On November 17, 2010, the Federal Reserve Board (the “Fed”) proposed a rule (the “Proposed Rule”) regarding the conformance period applicable to certain restrictions on a banking entity’s proprietary trading and relationships with hedge and private equity funds (commonly known as the “Volcker Rule”) contained in the Dodd-Frank Wall Street Reform and Consumer Protection Act (“Dodd-Frank”). The proposing release is available on the Fed’s website at the following address: www.federalreserve.gov/newsevents/press/bcreg/bcreg20101117a1.pdf. The Proposed Rule does not address any aspects of the Volcker Rule other than the applicable conformance periods and relevant extensions.

  •  Volcker Rule Effective Date. Under Dodd-Frank, the Volcker Rule’s restrictions take effect on the earlier of July 21, 2012 or one year after the issuance of final regulations by the relevant agencies.
  • General Conformance Period. Under the Proposed Rule, banking entities must generally comply with the Volcker Rule’s restrictions within two years of its effective date (or, in the case of nonbank financial companies supervised by the Fed, within two years of being designated as subject to supervision and regulation by the Financial Stability Oversight Council).
  • Potential One-Year Extensions of Conformance Period. Under the Proposed Rule, the Fed may extend the generally applicable two-year conformance period for a period of one year, up to three times (for an aggregate conformance period of up to five years), upon determining that an extension is consistent with the Volcker Rule’s purpose and would not be detrimental to the public’s interest.
  •  Potential Five-Year Extension of Conformance Period for Investments in “Illiquid Funds.” The Proposed Rule permits the Fed to extend the conformance period by up to an additional five years (from the expiration of any extension granted pursuant to the one-year extensions described above) with respect to a banking entity’s investment in an “illiquid fund” (as defined in the Proposed Rule) if, as of May 1, 2010, the banking entity was contractually obligated to make or maintain investments in the illiquid fund.
  • Definition of Illiquid Fund. An “illiquid fund” is defined under the Proposed Rule as a hedge or private equity fund that, as of May 1, 2010: (a) was “principally invested” in illiquid assets or was invested in, and contractually committed to invest in illiquid assets and (b) makes all investments pursuant to an investment strategy of principally investing in illiquid assets. “Illiquid assets” would generally be defined as assets not fitting within the Fed’s existing standards for “liquid assets,” i.e., assets that may be promptly bought and sold at a price reasonably related to their fair value. To qualify as “principally invested” in illiquid assets under the Proposed Rule, at least 75% of the fund’s consolidated total assets must be comprised of illiquid assets or hedges related thereto.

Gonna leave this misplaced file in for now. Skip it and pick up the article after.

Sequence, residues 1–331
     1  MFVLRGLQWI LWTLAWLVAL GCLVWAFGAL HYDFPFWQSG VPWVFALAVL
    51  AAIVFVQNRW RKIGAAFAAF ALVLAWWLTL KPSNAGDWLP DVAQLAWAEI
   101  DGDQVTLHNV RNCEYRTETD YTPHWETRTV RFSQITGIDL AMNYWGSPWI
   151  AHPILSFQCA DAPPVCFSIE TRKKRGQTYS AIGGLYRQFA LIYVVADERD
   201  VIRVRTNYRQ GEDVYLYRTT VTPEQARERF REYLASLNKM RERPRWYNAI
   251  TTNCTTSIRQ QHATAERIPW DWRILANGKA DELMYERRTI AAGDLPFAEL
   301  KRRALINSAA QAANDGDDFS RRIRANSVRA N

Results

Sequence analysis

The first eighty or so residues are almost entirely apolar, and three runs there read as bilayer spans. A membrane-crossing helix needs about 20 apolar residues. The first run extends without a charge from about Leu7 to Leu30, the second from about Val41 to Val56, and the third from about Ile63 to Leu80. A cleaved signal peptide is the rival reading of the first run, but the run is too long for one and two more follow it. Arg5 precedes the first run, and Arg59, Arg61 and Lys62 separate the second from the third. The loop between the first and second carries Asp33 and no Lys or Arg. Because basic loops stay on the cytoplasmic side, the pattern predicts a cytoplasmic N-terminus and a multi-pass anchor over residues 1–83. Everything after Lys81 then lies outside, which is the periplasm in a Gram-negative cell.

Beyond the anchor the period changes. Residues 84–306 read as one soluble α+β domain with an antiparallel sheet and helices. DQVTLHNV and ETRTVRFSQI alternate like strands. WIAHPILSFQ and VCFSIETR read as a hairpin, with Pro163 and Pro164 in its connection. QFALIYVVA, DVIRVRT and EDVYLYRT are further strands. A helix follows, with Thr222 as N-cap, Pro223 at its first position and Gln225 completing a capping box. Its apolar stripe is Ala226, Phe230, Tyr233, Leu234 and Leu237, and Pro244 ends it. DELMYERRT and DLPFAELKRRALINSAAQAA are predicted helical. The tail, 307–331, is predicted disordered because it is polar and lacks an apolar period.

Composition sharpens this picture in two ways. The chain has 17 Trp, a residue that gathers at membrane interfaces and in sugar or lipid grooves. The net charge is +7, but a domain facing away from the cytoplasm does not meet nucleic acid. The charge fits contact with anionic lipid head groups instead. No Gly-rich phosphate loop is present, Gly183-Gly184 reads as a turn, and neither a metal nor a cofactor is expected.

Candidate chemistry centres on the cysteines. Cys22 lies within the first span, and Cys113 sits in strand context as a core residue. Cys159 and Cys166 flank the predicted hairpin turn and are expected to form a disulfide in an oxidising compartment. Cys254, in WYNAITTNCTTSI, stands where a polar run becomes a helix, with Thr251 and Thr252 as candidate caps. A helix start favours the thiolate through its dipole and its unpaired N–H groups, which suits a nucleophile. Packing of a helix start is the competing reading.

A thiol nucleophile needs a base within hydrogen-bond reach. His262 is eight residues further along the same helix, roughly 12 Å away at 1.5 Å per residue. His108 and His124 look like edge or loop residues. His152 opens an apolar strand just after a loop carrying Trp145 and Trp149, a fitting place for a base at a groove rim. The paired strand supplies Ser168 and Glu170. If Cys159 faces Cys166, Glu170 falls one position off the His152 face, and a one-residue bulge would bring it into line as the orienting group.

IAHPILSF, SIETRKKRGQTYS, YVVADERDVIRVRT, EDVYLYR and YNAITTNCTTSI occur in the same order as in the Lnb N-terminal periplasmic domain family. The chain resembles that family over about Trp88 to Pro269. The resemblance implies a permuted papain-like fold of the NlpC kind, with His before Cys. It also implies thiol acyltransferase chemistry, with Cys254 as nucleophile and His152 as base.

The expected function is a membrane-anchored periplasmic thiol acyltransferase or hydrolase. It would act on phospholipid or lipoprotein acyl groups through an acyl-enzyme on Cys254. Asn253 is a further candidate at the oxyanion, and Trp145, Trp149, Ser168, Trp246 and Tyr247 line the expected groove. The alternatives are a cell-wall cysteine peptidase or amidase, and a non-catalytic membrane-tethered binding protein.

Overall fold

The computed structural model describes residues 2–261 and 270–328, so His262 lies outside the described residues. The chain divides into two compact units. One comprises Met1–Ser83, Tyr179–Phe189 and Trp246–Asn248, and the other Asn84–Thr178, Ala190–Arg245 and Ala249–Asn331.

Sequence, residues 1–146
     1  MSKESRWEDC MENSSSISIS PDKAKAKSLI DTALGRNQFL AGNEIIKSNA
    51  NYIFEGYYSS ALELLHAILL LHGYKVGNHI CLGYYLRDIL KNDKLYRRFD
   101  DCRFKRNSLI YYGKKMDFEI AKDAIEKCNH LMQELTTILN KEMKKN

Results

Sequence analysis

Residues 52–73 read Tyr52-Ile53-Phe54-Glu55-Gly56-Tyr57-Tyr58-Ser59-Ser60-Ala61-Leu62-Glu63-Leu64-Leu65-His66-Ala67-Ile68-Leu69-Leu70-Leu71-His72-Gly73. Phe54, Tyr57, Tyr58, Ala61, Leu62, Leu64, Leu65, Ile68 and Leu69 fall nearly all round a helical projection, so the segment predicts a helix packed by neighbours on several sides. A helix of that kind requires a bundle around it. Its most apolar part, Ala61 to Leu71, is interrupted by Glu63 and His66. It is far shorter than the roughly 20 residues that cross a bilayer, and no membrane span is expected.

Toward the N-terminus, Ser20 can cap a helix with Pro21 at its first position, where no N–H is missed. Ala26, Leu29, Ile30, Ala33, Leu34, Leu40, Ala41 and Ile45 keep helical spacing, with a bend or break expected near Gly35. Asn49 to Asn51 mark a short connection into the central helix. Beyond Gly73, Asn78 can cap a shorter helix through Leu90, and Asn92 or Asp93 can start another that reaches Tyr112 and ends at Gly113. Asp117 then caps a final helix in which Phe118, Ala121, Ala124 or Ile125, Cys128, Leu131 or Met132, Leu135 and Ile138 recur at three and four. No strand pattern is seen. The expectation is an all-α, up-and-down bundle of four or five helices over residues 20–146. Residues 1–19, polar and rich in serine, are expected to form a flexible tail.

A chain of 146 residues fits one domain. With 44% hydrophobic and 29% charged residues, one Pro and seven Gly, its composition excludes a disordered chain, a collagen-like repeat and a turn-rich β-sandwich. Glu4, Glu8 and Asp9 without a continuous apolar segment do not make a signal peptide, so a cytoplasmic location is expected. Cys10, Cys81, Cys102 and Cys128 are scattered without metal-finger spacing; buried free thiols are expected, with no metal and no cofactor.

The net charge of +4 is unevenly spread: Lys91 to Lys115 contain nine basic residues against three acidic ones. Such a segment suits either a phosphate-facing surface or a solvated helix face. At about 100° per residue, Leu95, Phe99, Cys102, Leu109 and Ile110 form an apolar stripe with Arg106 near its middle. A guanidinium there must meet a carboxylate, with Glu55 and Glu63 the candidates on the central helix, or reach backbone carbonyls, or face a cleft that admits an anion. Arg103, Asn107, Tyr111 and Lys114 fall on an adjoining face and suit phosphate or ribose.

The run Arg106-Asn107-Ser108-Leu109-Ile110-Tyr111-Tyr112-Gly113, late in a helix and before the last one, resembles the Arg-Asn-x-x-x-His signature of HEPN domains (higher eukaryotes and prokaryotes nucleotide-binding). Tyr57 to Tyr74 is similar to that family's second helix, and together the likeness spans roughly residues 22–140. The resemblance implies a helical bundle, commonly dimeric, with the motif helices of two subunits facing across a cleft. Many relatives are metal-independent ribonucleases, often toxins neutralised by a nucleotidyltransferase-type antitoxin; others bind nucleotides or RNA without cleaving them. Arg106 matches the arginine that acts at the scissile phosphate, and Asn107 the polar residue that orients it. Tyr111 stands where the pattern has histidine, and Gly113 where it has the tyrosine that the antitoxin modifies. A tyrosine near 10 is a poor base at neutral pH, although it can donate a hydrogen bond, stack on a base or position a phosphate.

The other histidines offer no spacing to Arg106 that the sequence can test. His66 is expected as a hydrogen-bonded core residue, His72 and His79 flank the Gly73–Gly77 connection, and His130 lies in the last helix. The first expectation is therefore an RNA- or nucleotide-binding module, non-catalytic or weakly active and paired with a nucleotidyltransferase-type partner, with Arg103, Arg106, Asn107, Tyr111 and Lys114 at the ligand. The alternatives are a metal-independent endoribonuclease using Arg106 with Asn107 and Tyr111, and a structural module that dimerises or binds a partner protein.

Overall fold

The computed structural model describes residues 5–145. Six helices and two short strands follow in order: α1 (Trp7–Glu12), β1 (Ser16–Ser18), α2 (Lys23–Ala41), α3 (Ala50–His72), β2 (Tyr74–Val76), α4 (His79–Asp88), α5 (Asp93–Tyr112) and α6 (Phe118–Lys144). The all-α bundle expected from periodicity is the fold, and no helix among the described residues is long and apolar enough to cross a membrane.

•  Factors Used by the Fed to Determine Whether to Grant Extensions. Under the Proposed Rule, the Fed determines whether to grant the extensions described above by analyzing all relevant facts and circumstances relating to the activity or investment and an enumerated nonexclusive set of factors (the “Factors”), which include whether the activity or investment results in material conflicts of interest between the entity and its clients or exposes the bank to high-risk assets or trading strategies; the entity’s contractual obligations to make or retain an investment, the contractual terms governing such investment, and the entity’s degree of control over such investment; and the cost to the entity of compliance within the general conformance period.
  • Procedure for Requesting Conformance Period Extensions. Banking entities seeking extensions would be required to submit a written extension request to the Fed at least 90 days prior to the end of the applicable conformance period. The request must state the reasons justifying the extension, include a detailed explanation of the entity’s proposed plan for compliance with the Volcker Rule and address all relevant Factors.  

Comments to the Proposed Rule are due 45 days following the Proposed Rule’s publication in the Federal Register (which has yet to occur).